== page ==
Although the presentation gave a snapshot of what may happen, nothing is final until the school board approves its final budget later this year. If the district’s budget shortfall hits $51 million, for example, approximately 578 employee positions would be lost.
Custodians who cover 20,400 square feet of space will see their maintained areas increase by 15 percent and 50 custodial positions will be lost, Desamours said.
The district is also considering changing secondary scheduling to a four-by-four block schedule or seven periods. This could save an estimated $10 million, according to the budget department.
Eighty-five of the district’s flexible positions — those hired independently by principals to fill needs in a school — will also be reduced by one position per school. Positions such as guidance counselors and bookkeepers will receive standardized work schedules.
Reductions to “above-the-formula” allocations for comprehensive high schools, magnet and technology schools will amount to 36 positions and $2 million overall.
“These are reductions of the allocations, it doesn’t mean we no longer offer these programs, just that the amount we give will be less,” said Desamours.
Browder said the district is expecting 200 employees to retire or move out-of-county at the end of the academic year, potentially leaving room for younger employees to stay aboard.
Cape art education
The elimination of fine art teachers across the county could mean that an entire generation of students in Cape Coral will not receive a formal education in art or music.
If these teachers and classes are eliminated the only option left for students will be magnet schools. The only magnet school in proximity to students in the Cape is the North Fort Myers Academy of the Arts, nearly 30 miles from those who live in the south district of the city.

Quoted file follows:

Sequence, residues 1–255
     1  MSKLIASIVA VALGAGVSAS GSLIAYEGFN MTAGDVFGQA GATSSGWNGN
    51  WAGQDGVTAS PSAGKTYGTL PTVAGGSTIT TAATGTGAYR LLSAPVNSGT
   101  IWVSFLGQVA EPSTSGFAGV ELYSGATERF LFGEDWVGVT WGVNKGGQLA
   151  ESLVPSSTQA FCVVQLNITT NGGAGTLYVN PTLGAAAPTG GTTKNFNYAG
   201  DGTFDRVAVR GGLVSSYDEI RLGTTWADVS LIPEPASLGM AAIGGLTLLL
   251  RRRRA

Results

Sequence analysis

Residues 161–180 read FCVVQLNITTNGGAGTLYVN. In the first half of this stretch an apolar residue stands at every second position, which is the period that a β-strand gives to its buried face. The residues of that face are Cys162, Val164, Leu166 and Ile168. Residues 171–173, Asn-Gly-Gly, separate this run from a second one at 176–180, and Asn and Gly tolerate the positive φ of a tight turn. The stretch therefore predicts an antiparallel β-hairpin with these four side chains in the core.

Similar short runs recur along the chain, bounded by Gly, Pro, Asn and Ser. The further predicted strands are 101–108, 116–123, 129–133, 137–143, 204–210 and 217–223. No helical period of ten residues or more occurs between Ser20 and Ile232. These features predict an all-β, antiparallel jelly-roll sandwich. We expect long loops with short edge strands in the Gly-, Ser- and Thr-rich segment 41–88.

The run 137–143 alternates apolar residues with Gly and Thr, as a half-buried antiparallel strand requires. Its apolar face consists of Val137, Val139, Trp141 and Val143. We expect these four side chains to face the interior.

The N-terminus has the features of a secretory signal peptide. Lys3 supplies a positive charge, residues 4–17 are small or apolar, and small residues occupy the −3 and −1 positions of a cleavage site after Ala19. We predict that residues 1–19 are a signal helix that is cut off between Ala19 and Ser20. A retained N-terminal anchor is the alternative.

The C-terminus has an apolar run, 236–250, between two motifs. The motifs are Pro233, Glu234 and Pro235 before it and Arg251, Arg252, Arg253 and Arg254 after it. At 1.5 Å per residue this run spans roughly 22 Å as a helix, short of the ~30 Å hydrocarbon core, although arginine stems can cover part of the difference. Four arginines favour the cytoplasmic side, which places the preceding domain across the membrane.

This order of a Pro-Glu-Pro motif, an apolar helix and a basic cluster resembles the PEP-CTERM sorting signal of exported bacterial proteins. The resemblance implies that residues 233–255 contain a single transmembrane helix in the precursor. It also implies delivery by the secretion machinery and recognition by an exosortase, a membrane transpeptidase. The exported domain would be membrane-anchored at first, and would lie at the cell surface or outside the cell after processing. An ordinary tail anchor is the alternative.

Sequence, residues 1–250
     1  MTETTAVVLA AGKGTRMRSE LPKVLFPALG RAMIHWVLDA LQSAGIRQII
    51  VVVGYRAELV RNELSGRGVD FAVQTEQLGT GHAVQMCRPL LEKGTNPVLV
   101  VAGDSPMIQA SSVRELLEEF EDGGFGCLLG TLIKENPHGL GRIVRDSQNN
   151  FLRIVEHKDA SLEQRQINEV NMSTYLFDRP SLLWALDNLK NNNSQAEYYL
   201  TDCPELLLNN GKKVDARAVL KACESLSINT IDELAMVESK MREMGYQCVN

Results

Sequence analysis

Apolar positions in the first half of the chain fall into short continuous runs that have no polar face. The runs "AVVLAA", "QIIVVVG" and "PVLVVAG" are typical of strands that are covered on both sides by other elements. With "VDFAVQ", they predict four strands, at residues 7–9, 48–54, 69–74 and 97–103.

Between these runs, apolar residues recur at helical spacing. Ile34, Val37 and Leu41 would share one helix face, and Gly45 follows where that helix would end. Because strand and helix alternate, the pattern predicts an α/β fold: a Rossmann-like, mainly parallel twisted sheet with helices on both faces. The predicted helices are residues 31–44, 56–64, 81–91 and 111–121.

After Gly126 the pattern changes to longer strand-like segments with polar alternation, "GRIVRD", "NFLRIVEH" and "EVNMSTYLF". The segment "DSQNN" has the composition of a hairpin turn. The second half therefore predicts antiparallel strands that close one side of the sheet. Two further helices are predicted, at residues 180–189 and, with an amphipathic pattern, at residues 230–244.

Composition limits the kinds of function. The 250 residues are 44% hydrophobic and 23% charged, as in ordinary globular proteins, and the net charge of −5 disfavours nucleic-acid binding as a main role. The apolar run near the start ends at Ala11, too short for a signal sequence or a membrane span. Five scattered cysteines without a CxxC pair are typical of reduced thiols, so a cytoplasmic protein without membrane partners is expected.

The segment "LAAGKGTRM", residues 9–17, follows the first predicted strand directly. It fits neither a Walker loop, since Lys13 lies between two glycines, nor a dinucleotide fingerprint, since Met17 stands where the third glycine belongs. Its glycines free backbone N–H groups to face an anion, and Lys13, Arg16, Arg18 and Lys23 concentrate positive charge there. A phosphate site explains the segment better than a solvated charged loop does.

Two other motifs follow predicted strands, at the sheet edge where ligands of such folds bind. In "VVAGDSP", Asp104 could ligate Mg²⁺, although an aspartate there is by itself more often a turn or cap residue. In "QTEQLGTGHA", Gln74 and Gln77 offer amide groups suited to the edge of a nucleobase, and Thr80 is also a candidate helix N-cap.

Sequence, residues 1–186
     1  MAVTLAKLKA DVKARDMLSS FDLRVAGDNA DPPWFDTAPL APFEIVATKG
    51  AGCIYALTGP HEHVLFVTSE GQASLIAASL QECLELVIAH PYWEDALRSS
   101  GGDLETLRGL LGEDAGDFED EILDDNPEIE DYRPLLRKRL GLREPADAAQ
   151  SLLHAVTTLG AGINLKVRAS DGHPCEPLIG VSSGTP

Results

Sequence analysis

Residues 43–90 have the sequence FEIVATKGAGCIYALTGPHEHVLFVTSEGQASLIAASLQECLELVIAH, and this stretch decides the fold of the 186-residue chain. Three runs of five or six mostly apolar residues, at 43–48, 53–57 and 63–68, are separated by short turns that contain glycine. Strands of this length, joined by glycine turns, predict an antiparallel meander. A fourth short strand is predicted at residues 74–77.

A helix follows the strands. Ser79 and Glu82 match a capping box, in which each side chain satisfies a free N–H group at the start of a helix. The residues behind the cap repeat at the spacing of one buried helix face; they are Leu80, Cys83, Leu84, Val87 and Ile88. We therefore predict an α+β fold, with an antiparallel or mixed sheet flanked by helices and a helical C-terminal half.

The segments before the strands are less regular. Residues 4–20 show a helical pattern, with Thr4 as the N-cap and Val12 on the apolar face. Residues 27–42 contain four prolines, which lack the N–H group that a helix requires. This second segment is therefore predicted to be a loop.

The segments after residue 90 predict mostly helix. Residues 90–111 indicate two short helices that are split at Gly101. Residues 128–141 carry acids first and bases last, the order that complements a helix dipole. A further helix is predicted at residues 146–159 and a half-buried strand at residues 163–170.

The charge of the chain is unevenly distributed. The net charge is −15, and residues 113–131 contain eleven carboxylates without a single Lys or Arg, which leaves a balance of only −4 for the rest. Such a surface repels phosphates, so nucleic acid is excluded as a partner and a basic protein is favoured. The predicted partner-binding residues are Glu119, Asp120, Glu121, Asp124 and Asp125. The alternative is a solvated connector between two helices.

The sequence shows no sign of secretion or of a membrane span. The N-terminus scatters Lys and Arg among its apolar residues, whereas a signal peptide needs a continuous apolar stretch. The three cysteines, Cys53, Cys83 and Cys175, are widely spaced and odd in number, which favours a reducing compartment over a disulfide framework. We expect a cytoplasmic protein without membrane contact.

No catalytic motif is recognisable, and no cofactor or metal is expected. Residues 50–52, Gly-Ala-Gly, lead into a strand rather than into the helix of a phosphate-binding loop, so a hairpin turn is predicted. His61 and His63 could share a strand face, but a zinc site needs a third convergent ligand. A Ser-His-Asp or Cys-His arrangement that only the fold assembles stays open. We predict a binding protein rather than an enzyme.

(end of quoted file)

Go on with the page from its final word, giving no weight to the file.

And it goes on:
Those living too far from the academy or not enrolled in the academy during school choice will never have a chance to be exposed to the arts.
“The best example we can look at, if they want an art school, they’ll have to go to the North Fort Myers Academy of Arts. That isn’t a good spend on transportation,” said Board member Robert Chilmonik.
Browder insisted Tuesday that schools would have art and music programs even if that means core subject elementary teachers have to implement art lessons in their classroom.
Chilmonik said that option equates to a watering down of programs.
“The art programs won’t be art programs because we’ll expect our regular elementary teachers to teach in whatever time they have left,” he said.
Mary Miller, a district art teacher, said she does not believe teachers will have an easy time implementing bona fide art lessons on top of core subjects, especially since art is not tested on the FCAT.
Many art teachers are also scrambling to get a certification in elementary education to avoid being laid off.
“I think a lot of them (teachers) will be displaced by art teachers getting certified in elementary education, they will teach reading if they get the certification, so all of the programs will suffer,” Miller said.